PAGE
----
Humility is a tough trait to communicate in a presidential campaign that requires confident self-promotion, though it is often apparent in Romney’s debate face. He looks at others respectfully when they are speaking and his expression portrays patience and even a hopefulness that they will do well. Romney isn’t shy in reminding voters of his own accomplishments, but there are stories out there that tell another side to his character. Here’s one related to me recently by someone close to the campaign:
Republicans aren't mistaken when they say President Obama is declaring class warfare. He's been working that turf with a pretty big shovel. How many times have we heard that millionaires and billionaires (as though there were no difference) refuse to pay their fair share?
Herman Cain's craggy-faced Chief of Staff Mark Block took a drag off a cigarette, blew smoke at the camera and sent the political class into coughing fits.
Davi may not have the world on a string, but he may be on to something. In the wee small hours of the morning, nice ’n’ easy, Congress could take a trip to the moon on gossamer wings. This would be too marvelous for words.
The operative maxim in cable television can be summed up as follows: Is it good teevee?
This country has transcended much that was hideous and painful in the course of our evolution. It would be a shame to turn back now.
By the time Steve Jobs' Wikipedia page had been adjusted to past tense, eulogists had added a footnote to his biography of success. Failure.
Rather than worrying about whether Mormons worship the right God in the right way, Republicans should insist that only Mormons run for president.
Obama, Hitler and Hank Williams Jr. is not a group I’d have ever considered weaving together in one column. But then, who could have thought that the world would become so idiotic?
Unless you are an NPR loyalist, you may have missed a political drama unfolding far beneath the radar of human consciousness having to do with -- OK, open your eyes -- table saw safety.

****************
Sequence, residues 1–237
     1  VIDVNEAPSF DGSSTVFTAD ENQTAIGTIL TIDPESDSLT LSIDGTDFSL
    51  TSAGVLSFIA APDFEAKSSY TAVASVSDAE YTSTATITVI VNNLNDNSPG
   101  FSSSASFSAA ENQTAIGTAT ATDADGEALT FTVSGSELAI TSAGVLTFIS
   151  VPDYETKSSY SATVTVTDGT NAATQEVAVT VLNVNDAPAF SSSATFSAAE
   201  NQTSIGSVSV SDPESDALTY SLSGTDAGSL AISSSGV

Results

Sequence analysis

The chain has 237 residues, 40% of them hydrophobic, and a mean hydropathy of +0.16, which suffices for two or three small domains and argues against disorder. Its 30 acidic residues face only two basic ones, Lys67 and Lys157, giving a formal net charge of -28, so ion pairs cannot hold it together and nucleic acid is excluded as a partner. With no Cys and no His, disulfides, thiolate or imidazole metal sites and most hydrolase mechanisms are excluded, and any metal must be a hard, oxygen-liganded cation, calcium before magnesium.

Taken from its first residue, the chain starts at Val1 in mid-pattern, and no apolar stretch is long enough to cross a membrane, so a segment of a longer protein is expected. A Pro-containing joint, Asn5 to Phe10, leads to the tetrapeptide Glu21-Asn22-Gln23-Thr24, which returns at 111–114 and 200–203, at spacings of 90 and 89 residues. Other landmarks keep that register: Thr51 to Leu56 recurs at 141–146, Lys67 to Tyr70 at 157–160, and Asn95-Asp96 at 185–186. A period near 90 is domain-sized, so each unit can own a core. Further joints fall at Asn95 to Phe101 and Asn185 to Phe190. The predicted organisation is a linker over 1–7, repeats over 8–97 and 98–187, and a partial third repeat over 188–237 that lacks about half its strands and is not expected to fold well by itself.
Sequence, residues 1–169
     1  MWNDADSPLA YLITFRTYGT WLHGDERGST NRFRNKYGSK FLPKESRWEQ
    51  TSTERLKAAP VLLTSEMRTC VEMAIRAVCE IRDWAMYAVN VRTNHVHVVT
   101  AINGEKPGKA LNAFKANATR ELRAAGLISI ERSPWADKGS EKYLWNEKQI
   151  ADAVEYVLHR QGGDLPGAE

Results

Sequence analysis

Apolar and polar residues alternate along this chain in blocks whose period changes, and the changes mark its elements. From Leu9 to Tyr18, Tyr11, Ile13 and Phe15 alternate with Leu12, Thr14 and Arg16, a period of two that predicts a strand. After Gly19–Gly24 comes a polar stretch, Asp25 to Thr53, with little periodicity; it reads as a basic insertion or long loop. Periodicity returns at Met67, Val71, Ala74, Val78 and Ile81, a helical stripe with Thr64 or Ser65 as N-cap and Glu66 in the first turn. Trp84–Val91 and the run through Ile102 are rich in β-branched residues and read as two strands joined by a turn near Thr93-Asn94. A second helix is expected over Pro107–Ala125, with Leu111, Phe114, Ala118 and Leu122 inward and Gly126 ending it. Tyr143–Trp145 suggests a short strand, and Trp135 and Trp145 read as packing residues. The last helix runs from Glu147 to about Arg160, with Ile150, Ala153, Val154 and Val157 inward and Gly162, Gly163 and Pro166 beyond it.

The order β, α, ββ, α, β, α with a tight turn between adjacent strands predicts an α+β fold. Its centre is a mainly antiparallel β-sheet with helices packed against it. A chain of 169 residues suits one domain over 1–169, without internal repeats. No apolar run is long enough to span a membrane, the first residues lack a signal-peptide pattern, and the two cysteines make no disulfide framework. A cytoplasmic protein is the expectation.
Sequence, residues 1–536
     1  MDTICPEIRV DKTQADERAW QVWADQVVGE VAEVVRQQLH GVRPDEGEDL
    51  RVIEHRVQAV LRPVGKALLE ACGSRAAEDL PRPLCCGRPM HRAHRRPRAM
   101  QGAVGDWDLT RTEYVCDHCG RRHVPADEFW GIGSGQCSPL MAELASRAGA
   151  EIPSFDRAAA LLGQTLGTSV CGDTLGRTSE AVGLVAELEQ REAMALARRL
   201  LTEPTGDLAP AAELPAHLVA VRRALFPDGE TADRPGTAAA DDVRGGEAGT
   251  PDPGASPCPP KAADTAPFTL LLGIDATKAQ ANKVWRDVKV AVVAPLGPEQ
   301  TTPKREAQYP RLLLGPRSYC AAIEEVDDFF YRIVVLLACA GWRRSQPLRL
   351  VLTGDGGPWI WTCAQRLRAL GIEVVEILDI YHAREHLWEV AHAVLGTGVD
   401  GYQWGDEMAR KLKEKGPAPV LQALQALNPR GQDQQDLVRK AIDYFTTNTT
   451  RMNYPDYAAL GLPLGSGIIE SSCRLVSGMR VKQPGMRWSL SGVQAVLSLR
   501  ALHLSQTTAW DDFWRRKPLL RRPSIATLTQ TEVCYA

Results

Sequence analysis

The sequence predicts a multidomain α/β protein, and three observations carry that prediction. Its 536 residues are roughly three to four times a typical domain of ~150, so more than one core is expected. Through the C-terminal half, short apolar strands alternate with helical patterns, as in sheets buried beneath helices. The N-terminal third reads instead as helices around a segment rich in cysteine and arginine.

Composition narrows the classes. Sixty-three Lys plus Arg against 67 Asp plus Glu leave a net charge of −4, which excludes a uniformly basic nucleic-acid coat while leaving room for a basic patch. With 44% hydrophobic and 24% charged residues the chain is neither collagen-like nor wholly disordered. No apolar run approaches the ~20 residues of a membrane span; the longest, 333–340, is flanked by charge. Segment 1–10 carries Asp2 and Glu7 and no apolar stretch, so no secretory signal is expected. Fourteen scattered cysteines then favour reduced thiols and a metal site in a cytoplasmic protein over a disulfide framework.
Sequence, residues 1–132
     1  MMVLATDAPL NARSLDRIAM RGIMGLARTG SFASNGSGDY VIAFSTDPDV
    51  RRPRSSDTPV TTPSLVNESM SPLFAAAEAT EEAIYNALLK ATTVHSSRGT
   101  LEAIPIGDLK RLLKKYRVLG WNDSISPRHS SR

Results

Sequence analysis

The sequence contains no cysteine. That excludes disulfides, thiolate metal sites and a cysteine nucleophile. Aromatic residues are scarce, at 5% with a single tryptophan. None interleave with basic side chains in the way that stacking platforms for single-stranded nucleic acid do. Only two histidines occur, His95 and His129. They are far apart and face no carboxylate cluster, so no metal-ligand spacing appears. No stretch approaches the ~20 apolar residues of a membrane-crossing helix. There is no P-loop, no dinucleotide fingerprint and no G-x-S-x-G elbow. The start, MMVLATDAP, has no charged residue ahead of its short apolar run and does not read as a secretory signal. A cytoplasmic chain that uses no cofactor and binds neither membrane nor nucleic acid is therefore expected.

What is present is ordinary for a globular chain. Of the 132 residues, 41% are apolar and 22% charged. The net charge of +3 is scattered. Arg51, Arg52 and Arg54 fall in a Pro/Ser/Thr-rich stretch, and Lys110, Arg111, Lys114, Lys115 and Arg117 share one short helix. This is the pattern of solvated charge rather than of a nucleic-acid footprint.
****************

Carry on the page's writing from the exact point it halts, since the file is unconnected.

I stayed up late Wednesday night in hopes that the U.S. Supreme Court would call off the execution of Troy Davis. Instead, at 11:08 p.m., he was pronounced dead.
The legacy of 9/11 can't be fully measured even now, but perhaps the most damaging aspect can be found in our national discourse.
What if the president gave a major speech and no one heard it?
Americans are a fickle lot. They create celebrities out of those they adore, and then hate them for acting like celebrities.
Rick Perry's rapid lead over previous Republican front-runner Mitt Romney was predictable.
Public profanity is nothing new, of course, but it inarguably has gotten worse.
The latest trend in the media world is "trending." That is, monitoring what people are buzzing about and directing coverage accordingly.- Kathleen Parker, syndicated columnist
Just what is the meaning of weird?
Fragging: "To intentionally kill or wound (one's superior officer, etc.), esp. with a hand grenade."
Cain's criticisms of President Obama largely focus on a management style that leads to lethargic decision-making (the Afghanistan surge, the BP oil spill). Whether Cain will get to test his own management style will depend foremost on whether he masters his tongue. In the meantime, he has some interesting ideas that are more compelling and urgent than whether Murfreesboro gets a mosque. He deserves a second hearing.
But the media weren't so attentive to every little thing in those days, and now there is no detail too insignificant to be exhausted. There may be other reasons to reject Michele Bachmann as president, but being a woman with a headache isn't one of them. Whining about high heels that nobody makes you wear, now that could be a problem.
Most would agree that one would have to stoop pretty low to question the story of a man's mother's death.
A debt crisis is a terrible thing to waste in a presidential election season, and Democrats and Republicans alike are responding on cue.- kathleen Parker, syndicated columnist
Sometimes fiction can't improve on life.- Kathleen Parker, syndicated columnist